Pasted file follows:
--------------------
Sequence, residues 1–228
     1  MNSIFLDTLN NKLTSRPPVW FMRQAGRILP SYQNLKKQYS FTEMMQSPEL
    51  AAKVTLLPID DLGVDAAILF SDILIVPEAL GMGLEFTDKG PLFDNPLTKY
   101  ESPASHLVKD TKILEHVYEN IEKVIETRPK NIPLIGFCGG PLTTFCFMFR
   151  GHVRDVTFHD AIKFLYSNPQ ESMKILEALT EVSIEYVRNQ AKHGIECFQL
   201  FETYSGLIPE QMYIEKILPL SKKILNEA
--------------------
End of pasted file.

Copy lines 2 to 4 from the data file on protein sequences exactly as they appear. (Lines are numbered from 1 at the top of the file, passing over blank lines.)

     1  MNSIFLDTLN NKLTSRPPVW FMRQAGRILP SYQNLKKQYS FTEMMQSPEL
    51  AAKVTLLPID DLGVDAAILF SDILIVPEAL GMGLEFTDKG PLFDNPLTKY
   101  ESPASHLVKD TKILEHVYEN IEKVIETRPK NIPLIGFCGG PLTTFCFMFR